Hopefully I am not the only one that has noticed, but we will be facing a serious shortage of IT professionals in the next 10 to 12 years. I often quip about being the youngest person in IT at our Worcester campus for 22 years, I am now 40. I think that was reasonable when I was in my 20's or even pushing early 30's, but it isn't an encouraging sign that the youngest person on our IT staff is 40. There really is a lost generation of IT professionals.
Generally speaking, this growing issue is becoming very apparent to most large companies. What has caused this problem? Here are some key contributors that have happened over the past 10 years - depleted staffing levels due to anemic budgets, outsourcing, off-shoring, and stagnate growth opportunities. The recent economic downturn has exasperated the issue. With an 8.3% unemployment rate there is a deep pool of 35 to 50 year old men and women seeking jobs. They are people that are willing to take significantly less money because they have been unemployed for a substantial amount of time. Moreover, it has caused immobility for the current IT staff. People are staying in their current jobs longer, not seeking other opportunities, and they are not being promoted up the ranks because of the extensive amount of layoffs over the past 3 years. In many large companies, the same people have staffed entry-level IT positions for 10 years; there isn't a healthy infusion of young talent entering IT.
In 10 to 12 years most the people I know in information technology, from infrastructure support to developers to IT leaders, will be near the end of their careers or retired. Scary! No really, it is very scary. Many of today's large companies are promoting "leadership" and "chart your course" programs in their organization to help address the growing concern. My initial thought after attending one of these programs, if all these people close to 50 are charting their course now they have been lost at sea for a long time. Fortunately if history serves us right, when the market place opens up due to the significant retirements (estimated at 10,000 to 12,000 a day for the next 12 years) there will be a flood of ambitious individuals diving into the IT job pool to take advantage of the burgeoning salaries. But will they have the skills required?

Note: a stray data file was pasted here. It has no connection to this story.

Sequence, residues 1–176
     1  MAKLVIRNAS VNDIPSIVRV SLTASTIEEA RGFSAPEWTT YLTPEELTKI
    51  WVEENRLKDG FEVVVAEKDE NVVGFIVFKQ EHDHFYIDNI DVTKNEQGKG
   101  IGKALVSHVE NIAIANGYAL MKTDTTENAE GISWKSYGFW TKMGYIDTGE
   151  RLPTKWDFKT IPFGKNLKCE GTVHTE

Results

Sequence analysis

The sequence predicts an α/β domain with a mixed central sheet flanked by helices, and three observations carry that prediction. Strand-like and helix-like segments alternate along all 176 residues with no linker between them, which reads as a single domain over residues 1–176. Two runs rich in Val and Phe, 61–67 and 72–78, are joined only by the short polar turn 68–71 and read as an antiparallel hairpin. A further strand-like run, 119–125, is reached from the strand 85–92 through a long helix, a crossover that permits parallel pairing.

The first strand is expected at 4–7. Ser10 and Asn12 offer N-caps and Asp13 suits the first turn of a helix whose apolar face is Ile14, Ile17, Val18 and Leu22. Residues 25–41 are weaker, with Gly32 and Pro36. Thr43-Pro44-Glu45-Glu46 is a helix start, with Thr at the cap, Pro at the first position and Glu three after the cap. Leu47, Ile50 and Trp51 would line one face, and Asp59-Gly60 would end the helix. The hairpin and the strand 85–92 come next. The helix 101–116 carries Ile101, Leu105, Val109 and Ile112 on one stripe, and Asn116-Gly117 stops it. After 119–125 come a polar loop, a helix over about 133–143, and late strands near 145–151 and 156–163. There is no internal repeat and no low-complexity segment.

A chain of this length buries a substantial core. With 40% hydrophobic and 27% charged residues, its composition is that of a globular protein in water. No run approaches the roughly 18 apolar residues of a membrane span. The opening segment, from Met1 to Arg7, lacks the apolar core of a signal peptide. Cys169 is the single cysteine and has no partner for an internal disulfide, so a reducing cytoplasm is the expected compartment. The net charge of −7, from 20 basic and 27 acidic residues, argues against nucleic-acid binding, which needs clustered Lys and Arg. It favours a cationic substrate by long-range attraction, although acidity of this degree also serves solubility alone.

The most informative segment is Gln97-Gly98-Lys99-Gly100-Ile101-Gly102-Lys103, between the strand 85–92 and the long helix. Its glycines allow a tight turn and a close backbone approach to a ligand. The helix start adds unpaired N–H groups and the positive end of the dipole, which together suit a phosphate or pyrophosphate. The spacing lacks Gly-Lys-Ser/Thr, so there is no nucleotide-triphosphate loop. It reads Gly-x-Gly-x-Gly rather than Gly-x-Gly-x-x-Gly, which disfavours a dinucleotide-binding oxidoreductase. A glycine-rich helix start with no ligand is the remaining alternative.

I am not just talking about technology skills, think about the skills required to be a successful IT professional. Soft skills like communication with customers, collaboration with IT colleagues and business partners, basic business skills to evaluate the cost effectiveness of a solution, IT governance, and understanding the volumes of process that embodies any corporate environment. I have worked with a lot of people over the years, and I can tell you that understanding the dynamics of working for a global organization is typically more daunting then learning the latest technology.
When I first entered information technology in the early 1990's there was a broad diversity in age. The people on our help desk and end user computing were in their early to mid 20's, IT trainers, developers, and server technicians were in their 30's, our IT director was in his early 40's, and the vice presidents were in their late 40's to early 50's. A very healthy mix that doesn't exist in todays corporate IT staffs.
In my next blog post, I am going to discuss what I think we need to do as IT leaders to prepare our companies for this challenge.